The Esterházy family soon developed into one of the richest noble families in Central Europe and had numerous castles to choose from. She chose Eisenstadt as her princely headquarters, converted the former fortified castle into a representative palace and maintained a very elaborate, impressive court, which even led to visits from Empress Maria Theresia. With the appointment of Joseph Haydn as the princely court music director in the 1760s, a 30-year heyday of artistic life began here. In 1809, during the Napoleonic Wars, Eisenstadt was occupied by French troops.

From 1865 to 1898, the House of Esterházy had to do without the usual large expenses for representation, since they had overreached themselves financially and had only escaped bankruptcy with imperial help. It became quiet in Eisenstadt. The western Hungarian city was culturally aligned with Vienna and tried to evade the Magyarization pursued by Budapest in the last decades of the 19th century. In 1897 Eisenstadt was connected to the Hungarian railway network.

After the First World War and the dissolution of Austria-Hungary, a three-year struggle took place over the future citizenship of "German-West Hungary" and thus of Eisenstadt. Through the peace treaties of St. Germain in 1919 with Austria and of Trianon in 1920 with Hungary, the area became part of Austria in 1921 as Burgenland (the new name). Ödenburg (Hungarian: Sopron), originally intended to be the state capital, was added to Hungary as a result of a referendum. On October 19, 1925, instead of Ödenburg, Eisenstadt became the seat of the Burgenland state government and thus the de facto state capital. However, it was not mentioned as such in the Burgenland constitution at the time.

A Roman Catholic apostolic administration was set up in Eisenstadt so that the Burgenlanders would no longer be subordinate to a Hungarian bishop. The surrounding communities were attached to the Freistadt Eisenstadt: 1923 Eisenstadt-Schlossgrund, 1938 Unterberg-Eisenstadt, 1939 Oberberg-Eisenstadt, 1970 Kleinhöflein and St. Georgen.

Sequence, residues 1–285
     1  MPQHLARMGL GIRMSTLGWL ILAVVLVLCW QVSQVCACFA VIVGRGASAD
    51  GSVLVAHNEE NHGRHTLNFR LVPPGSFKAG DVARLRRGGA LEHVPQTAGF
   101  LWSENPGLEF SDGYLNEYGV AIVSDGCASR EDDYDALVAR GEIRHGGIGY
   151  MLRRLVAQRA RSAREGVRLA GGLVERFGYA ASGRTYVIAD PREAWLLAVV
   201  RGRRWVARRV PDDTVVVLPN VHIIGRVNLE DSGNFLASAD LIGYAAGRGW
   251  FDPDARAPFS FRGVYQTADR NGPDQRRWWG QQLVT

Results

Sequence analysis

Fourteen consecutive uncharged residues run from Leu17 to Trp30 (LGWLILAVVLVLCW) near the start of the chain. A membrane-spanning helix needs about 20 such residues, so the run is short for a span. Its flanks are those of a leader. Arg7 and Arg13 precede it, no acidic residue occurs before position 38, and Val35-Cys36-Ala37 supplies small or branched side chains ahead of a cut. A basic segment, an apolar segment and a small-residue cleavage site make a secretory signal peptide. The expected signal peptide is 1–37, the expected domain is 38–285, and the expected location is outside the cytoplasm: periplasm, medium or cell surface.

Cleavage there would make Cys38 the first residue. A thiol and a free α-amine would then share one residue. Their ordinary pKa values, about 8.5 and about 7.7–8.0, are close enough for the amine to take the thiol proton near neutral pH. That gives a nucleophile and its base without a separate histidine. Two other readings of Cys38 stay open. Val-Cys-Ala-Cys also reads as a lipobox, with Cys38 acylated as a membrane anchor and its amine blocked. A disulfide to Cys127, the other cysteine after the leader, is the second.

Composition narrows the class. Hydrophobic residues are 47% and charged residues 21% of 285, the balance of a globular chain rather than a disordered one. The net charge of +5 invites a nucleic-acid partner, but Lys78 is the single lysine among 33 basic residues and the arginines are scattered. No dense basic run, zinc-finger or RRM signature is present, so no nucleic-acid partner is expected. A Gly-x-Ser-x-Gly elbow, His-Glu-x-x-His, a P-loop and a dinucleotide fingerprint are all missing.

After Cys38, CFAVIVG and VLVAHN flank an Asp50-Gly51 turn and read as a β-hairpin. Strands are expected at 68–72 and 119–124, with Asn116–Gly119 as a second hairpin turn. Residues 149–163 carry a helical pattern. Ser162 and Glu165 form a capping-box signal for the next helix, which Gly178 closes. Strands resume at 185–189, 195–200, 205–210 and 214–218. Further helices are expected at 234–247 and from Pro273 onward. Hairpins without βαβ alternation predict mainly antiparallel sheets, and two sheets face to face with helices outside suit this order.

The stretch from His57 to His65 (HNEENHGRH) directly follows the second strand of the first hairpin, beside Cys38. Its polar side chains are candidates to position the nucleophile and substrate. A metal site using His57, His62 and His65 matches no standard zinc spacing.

In July 1932, on the occasion of Haydn's 200th birthday, the Haydn Foundation organized a large Haydn celebration in Eisenstadt in cooperation with the then “Mittelstelle Deutscher Jugend in Europa” (German youth center in Europe) with a clearly nationalistic, Greater German character. From all German-speaking settlement areas in Central Europe, young people brought soil from their homeland (e.g. Heligoland), important historical sites (e.g. from the Wartburg near Eisenach), from graves of historically important Germans (e.g. from the imperial graves of Speyer Cathedral and Martin Luther's grave), memorials (e.g. Friedrich Schiller's birthplace in Marbach am Neckar), battlefields (e.g. the Monument to the Battle of the Nations and the Langemarck Cemetery) and workplaces (e.g. the Warndt area in Saarland) to Eisenstadt as a commitment to national Germanness. The Haydnmal in the form of a large cube urn bore the inscription "Youth came from all Marche and brought earth to their homeland, to honor Joseph Haydn, the singer of the German song, as pledge to the eternal empire of the Germans."

Burgenland was dissolved during the Nazi era; its northern part with Eisenstadt was made into the Gau Niederdonau. The Jewish Eisenstadt residents were expelled or murdered. During World War II, Eisenstadt was bombed once, resulting in 40 casualties. In 1945 the Red Army took Eisenstadt and the city remained under Soviet occupation until 1955. In 1956 Eisenstadt became the seat of the Evangelical Lutheran Superintendency of Burgenland and in 1960 the seat of the Roman Catholic Diocese of Eisenstadt.

It was not until 1965 that Eisenstadt anchored the status of the state capital in the city constitution. It was only in the state constitution in 1981.

After the annexation of Burgenland to Austria, the ethnic-linguistic structure of the population changed significantly. In 1910 the Magyar population was still around 27%; In 1934, however, the proportion of Hungarian-speaking residents was around 5%. This change is due on the one hand to the retreat of many Magyar civil servants, military personnel, etc. to Hungary, and on the other hand to the language-national self-definition of the inhabitants.

In the last census, Eisenstadt (excluding districts) had a proportion of 2.7% and 4.0% respectively of the Hungarian and Croatian-speaking population (resident population with Austrian citizenship). The latter is mainly due to the influx from the surrounding Croatian and mixed-language communities in recent decades.

The denominational composition of the population also changed: the number of Protestants rose from 52 in 1890 to 493 in 1961. The number of Jews was 906 in 1836 and then fell continuously until 1923 to 445 people. The emigration went mainly in the direction of Vienna. Of the more than 400 Jews in Eisenstadt, around 250 survived the Shoah. Only two Eisenstadt Jews returned after 1945.